Anxious About PD

I recently had the honor and pleasure of speaking at the 2010 Southeastern Parkinson Disease Conference & Young Onset Parkinson's Conference in Atlanta jointly sponsored by the Northwest Georgia Parkinson Disease Association, APDA and NPF. My topic was anxiety, a condition that complicates Parkinson disease for upwards of 3 out of 4 individuals with the diagnosis. Based on the follow-up questions and casual discussions between sessions, it was clear that a discussion on this topic is well-placed and not just for the individual with the neurological diagnosis.

What really surprised me was the number of partners who also recognized that they struggled with anxiety. As I was speaking, I could see the majority of the room nodding periodically (and sometimes enthusiastically). However, I mistakenly assumed that partners were acknowledging anxiety was a problem for the loved one with PD. When it comes to anxiety disorders it is not a matter of opposites attracting; it is more a birds of a feather situation. These individuals were acknowledging the condition in themselves!

There are many reasons why folks with PD might struggle with anxiety. The uncertainty of the disease process is the raw material for the manufacture of an anxiety disorder. It is also possible that changes in brain structure and neurotransmitter profiles lay the foundation for easily becoming anxious. Even some of the medications used to treat Parkinson's produce anxiety as a side effect. It is not so clear why so many individuals in relationship with someone who has PD report anxiety.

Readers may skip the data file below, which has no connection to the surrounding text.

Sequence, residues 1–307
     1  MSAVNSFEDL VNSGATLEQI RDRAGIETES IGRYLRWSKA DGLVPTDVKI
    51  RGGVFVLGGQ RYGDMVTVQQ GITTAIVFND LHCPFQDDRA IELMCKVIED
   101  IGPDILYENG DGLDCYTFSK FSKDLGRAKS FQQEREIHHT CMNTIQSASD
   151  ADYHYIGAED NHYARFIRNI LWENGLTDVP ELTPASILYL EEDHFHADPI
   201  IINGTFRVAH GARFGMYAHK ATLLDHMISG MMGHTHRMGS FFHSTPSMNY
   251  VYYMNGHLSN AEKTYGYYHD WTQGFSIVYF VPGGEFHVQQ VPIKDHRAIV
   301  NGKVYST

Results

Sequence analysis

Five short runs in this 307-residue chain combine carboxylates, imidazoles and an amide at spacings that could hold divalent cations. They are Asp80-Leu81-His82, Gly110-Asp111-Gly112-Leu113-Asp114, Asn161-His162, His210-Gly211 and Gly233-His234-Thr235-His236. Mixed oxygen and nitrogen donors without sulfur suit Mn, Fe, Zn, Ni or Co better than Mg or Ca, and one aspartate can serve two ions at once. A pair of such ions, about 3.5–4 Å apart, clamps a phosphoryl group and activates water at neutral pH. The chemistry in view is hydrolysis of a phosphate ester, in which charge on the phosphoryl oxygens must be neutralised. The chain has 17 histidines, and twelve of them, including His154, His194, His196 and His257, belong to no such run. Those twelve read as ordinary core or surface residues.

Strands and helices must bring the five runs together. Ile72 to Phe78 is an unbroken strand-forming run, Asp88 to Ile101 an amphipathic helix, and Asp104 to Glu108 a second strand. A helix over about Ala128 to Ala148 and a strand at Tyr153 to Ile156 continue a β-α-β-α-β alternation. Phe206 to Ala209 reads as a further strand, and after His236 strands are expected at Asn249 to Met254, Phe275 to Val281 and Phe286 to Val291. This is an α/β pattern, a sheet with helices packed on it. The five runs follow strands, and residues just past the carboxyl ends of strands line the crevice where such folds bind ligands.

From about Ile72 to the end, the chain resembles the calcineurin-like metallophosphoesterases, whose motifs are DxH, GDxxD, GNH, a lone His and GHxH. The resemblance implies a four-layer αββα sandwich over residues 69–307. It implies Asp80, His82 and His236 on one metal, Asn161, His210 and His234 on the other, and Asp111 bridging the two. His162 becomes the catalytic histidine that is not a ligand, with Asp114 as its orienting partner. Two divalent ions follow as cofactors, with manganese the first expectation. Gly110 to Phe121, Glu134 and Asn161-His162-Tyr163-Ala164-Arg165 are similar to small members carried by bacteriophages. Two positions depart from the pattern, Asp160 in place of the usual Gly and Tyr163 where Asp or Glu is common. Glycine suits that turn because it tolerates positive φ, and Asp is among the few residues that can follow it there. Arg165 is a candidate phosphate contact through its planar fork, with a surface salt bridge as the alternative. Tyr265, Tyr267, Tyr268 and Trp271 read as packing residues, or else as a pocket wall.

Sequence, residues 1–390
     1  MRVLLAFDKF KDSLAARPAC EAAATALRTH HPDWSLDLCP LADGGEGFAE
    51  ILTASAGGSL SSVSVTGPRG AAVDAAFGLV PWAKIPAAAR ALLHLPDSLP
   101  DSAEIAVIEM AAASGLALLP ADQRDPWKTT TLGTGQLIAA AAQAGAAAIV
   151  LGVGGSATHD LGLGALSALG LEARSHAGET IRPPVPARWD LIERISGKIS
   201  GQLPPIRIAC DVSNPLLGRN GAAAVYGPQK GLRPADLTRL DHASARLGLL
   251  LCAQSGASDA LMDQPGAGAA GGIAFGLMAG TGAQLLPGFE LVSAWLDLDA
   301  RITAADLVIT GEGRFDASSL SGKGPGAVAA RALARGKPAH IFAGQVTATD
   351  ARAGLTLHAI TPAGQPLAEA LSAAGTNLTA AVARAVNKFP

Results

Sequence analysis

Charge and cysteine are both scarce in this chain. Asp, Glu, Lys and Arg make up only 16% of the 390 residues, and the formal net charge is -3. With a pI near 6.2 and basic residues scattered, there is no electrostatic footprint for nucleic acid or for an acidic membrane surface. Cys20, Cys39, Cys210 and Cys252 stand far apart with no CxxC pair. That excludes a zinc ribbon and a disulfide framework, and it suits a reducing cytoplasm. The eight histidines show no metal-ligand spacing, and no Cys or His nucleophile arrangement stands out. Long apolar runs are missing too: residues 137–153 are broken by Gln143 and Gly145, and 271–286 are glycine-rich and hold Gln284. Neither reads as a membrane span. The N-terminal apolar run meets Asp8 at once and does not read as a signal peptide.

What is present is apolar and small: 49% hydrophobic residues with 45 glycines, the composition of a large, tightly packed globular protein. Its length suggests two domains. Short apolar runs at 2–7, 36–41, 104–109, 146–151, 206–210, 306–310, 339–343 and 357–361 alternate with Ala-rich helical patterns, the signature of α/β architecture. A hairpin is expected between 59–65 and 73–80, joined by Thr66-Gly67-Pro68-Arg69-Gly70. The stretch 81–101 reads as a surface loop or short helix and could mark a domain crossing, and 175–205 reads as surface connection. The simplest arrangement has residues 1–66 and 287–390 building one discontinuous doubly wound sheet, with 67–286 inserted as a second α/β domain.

Perhaps one common link is stress. PD is stressful for everyone and unremitting stress can prime a body to respond to even innocuous situations as if they are imminently dangerous. In its simplest form, anxiety is an acute activation of the mechanism nature builds into each of us to respond to emergencies or threats. When a bear stands in our path, we are primed to respond through "fight or flight," a process that occurs almost instantaneously. In a dangerous situation, opening an internal debate about the best course of action gives the bear a decided edge. When stress occurs with some regularity, our bodies can go into a defensive mode that remains alert for danger. In short, we can become anxious because stress has made it difficult to fully let down our guard.

Anyone who has spent 15 minutes with me knows my mantra: There is no aspect of Parkinson's that gets better with stress. I am now more aware that this mantra applies to everyone whose life is touched by PD.

There is a medical axiom that Parkinson's is not contagious. Here is an instance for which accepted wisdom may not apply. Anxiety is one aspect of the disease that appears to be communicable. It spreads through close contact, love, and concern. Most of all, it spreads through the stress Parkinson's injects into the lives of everyone.

However, anxiety disorders are treatable, often without the need to add another drug. I will discuss some strategies for addressing anxiety in the next blog entry.

Regards,

Dr. Paul

NOTE: Dr. Paul Short is neither an agent nor employee of ADPA or any of its affiliate organizations. The views expressed in this blog are the opinions of Dr. Short and do not represent the opinions or endorsement of APDA. The information contained on this site is for your general information only and is not intended as, or a substitution for, medical advice. You should also be aware that the information on this site may not reflect the most current medical developments, nor is it provided in the course of a physician - patient relationship. You should always consult your physician or other qualified healthcare provider or expert with any questions or concerns you may have regarding a health or medical condition. You should never disregard professional medical advice, or delay in seeking it, because of something you have read on this site.

About the Author

Paul Short, PhD

Dr. Paul Short, The Parkinson's Coach, provides Internet-based coaching to individuals and famlies challenged by Parkinson's disease and helps them develop personalized plans for coping with the disease.